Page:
Meanwhile, Simon Berman of Strix Publishing has fast-tracked a little Halloween treat for all those who’re waiting patiently for your copies of the new deluxe edition of  Never Bet the Devil & Other Warnings. The book contains an all-new story that happens to be Halloween themed, and Mike Corley has been kind enough to show off the excellent illustration that he’s done to accompany it.

Meanwhile, Brian Lillie has assembled a whole passel of authors to make suggestions for suitably spooky Halloween reading. My humble contribution includes tales by Silvia Moreno-Garcia, Jon Padgett, and Daniel Mills, all of which have been podcast by Pseudopod. That wasn’t an accident, and one of the reasons I chose to do it was because Pseudopod is currently running a Kickstarter. As part of that Kickstarter, they’re also putting together their first-ever anthology, which includes classic reprints along with all-new stories by yours truly, Damien Angelica Walters, A.C. Wise, and more! Here’s the newly-revealed table of contents, and we promise you, it’s true.

That’s just scratching the surface of what’s been going on lately, but I think for tonight it’s all I’ve got in me. Keep your jack-o-lanterns lit, have a happy Halloween, and always remember to check your candy…

I’ll leave you with what remains one of my all-time favorite Halloween illustrations by none other than the great Chris Sanders, and (unrelatedly) if you’re looking for something seasonal to do this evening,  you could do a lot worse than to plug a few hours into Halloween Forever!

chris-sanders-halloween

Last year, just before I left for Panic Fest, I received a phone call about my dad’s failing health. It wasn’t the first such call, and it wasn’t the last, but that Panic Fest sticks in my mind as the last time for a long time that my dad’s illness, death, and the subsequent emotional and mental fallout therefrom wasn’t heavily on my mind. I didn’t really realize how much Panic Fest had become the symbolic anniversary of all those things for me until this weekend rolled around.

I had been planning to help work the fest, but for various reasons that didn’t come to pass. And it turned out to be a good thing, because I got buried in some quick-turnaround deadlines that kept me busy much of the weekend. I did make it out to say hello and pick up a couple of Funko minis, but I wasn’t able to stick around and enjoy the festival. Maybe next year.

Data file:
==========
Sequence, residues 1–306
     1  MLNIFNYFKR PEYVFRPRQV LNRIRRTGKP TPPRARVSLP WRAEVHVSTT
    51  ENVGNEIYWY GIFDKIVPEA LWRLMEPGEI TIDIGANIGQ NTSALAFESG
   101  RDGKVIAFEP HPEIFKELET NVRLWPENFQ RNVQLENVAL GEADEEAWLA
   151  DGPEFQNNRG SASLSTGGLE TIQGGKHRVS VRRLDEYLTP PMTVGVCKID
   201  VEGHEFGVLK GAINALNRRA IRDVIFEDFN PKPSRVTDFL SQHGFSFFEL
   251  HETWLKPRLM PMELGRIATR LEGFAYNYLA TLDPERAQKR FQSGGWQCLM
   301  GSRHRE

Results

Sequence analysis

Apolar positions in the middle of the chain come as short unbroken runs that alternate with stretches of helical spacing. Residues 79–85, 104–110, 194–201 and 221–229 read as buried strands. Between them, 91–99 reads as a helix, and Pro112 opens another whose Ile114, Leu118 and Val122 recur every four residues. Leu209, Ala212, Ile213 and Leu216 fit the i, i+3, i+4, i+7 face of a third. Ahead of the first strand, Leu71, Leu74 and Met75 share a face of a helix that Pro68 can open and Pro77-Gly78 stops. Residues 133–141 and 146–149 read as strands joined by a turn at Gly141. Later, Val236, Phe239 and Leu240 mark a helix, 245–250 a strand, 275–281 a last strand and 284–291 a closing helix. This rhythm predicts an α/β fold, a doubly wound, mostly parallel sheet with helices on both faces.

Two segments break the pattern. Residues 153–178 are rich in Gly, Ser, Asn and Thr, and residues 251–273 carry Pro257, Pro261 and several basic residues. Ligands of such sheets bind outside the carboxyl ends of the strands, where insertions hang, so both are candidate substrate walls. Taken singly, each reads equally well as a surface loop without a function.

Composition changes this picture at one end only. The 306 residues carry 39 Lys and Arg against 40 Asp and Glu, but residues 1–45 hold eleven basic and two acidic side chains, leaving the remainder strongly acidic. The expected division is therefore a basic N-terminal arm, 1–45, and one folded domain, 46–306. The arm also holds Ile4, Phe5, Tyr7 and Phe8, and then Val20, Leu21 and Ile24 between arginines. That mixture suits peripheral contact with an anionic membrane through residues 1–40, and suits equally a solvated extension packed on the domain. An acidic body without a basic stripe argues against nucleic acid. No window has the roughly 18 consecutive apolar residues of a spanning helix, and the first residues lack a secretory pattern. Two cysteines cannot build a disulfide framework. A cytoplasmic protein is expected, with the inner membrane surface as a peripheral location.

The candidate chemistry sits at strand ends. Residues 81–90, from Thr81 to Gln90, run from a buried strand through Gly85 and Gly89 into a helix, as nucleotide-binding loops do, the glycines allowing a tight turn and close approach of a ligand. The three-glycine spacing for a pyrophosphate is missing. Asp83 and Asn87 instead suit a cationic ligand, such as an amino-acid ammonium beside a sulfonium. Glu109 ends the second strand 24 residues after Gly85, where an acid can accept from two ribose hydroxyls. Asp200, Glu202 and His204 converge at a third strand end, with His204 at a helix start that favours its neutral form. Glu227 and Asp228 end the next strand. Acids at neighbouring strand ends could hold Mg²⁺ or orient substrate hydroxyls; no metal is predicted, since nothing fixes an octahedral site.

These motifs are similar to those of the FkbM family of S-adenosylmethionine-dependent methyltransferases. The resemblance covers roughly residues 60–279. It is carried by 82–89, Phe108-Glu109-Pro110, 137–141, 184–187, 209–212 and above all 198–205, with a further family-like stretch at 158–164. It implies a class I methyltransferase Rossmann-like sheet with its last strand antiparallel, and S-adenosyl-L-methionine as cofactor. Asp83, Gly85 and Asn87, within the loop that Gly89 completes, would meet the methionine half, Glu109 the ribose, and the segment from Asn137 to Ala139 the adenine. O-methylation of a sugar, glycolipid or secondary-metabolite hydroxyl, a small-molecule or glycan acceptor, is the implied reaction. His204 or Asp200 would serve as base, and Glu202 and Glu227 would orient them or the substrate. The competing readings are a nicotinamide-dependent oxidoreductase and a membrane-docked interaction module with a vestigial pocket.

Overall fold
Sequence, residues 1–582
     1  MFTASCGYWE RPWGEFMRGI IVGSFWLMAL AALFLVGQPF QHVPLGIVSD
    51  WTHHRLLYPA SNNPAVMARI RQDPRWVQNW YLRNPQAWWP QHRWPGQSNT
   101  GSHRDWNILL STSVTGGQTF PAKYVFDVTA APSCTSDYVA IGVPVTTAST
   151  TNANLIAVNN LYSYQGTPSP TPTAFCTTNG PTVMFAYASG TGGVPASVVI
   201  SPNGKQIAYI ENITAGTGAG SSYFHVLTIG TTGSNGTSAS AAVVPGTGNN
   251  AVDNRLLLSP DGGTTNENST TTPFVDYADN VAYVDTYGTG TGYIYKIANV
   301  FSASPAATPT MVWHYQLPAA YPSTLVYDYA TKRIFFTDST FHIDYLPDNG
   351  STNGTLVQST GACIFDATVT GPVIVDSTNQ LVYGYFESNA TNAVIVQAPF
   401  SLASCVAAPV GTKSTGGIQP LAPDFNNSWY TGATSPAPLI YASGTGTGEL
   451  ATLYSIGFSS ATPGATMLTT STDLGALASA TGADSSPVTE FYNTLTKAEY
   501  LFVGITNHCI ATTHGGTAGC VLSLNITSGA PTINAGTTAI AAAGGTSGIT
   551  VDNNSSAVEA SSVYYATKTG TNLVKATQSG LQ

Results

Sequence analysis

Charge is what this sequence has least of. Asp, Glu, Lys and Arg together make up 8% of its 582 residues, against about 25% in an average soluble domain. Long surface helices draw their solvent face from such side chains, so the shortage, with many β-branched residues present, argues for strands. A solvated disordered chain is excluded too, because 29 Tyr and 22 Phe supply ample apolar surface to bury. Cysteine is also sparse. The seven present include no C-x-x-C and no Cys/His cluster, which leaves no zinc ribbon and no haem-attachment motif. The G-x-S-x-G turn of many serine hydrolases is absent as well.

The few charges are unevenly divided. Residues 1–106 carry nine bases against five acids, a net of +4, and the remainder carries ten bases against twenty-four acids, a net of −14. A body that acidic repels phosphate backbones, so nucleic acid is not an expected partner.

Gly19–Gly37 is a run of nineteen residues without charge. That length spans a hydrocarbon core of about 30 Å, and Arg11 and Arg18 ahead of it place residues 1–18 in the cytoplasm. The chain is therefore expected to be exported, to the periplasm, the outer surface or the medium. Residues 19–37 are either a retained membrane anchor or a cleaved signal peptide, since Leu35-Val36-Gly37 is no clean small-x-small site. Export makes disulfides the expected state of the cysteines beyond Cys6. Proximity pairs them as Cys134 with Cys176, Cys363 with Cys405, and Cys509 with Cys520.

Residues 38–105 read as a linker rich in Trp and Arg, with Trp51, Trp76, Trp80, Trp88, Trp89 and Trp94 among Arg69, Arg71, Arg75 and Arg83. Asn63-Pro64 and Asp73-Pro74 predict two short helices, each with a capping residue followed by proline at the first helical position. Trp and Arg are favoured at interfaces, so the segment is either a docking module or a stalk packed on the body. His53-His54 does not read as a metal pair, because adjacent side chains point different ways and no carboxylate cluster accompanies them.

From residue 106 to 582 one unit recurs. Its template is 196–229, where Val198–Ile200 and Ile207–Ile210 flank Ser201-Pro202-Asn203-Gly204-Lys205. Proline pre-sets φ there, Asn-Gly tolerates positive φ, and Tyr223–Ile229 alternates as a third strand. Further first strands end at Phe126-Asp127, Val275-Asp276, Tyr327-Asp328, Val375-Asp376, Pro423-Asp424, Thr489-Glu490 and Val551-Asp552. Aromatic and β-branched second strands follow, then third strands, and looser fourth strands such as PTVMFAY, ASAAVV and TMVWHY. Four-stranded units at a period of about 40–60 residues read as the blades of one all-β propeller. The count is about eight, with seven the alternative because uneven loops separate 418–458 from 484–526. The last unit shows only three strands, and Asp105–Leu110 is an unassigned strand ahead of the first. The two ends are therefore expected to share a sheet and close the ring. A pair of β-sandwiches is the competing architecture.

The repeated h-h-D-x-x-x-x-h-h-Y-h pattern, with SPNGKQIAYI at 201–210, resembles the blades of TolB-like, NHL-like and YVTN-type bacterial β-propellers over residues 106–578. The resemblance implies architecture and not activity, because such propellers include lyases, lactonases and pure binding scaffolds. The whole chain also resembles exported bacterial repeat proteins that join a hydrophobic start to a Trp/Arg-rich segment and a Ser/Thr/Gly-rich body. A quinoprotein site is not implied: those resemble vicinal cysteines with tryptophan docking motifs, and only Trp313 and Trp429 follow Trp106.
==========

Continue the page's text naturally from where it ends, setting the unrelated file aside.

What I did instead–besides work on the aforementioned deadlines–was have a rougher-than-expected weekend. It took me until this morning to figure out why, to connect the occasion of Panic Fest to my memories of all that I’ve been struggling with over the past year and change. I know that I’ve come a long way in that time, and that I’ll be all right, but it hit me hard today.

To the folks at Panic Fest itself: Sorry I wasn’t able to make it more, or stay longer. It was great to see everyone for the brief moment that I did, and thank you guys for being a pleasant memory in the midst of a lot of unpleasant ones.

Well, so far this December I’ve posted all of one time, though, y’know, that was a write-up of Krampus, so at least I’ve got my priorities on straight. (Speaking of Krampus, the latest episode of the great Werewolf Ambulance podcast not only covers that very film, but also gives a great shout out to my own review!)

December has been pretty busy, with a variety of deadlines crowding around me like cats at feeding time, so I’ve been at least kind of keeping my head down and working on those, while also, y’know, distracting myself by getting vaguely addicted to buying those Funko blind box horror mystery figures again. This means that I haven’t done much else, including that I haven’t yet seen Star Wars Episode 37: Chewbacca’s Delight, though everyone’s enthusiasm for it has finally been infectious enough to convince me to try seeing it in theatres sometime after Christmas. (And after I see Hateful Eight in 70mm. Because priorities.)

do have several year-end write-ups in the works, including my annual Year in Creatures report, but those are going to have to wait until a little closer to the actual end of the year. I’ll be out of town for Christmas, so I may be a bit scarce online for a few days, though you’ll probably still see me on social media posting random observations or pictures of weird things I see along the side of the road.

In the meantime, I figured I should drop by here and mention that Painted Monsters continues to receive very kind reviews, including probably its most glowing review to date (and, honestly, if that is the most glowing review it ever receives, I couldn’t complain). And I got a pretty amazing Christmas present in the form of a Painted Monsters ornament, courtesy of my fantastic publisher Ross Lockhart at Word Horde.

Ornament

That’s it from me until after the holiday. In the meantime, stay warm, enjoy the lights, and have a pleasant time, whatever you may celebrate, if anything.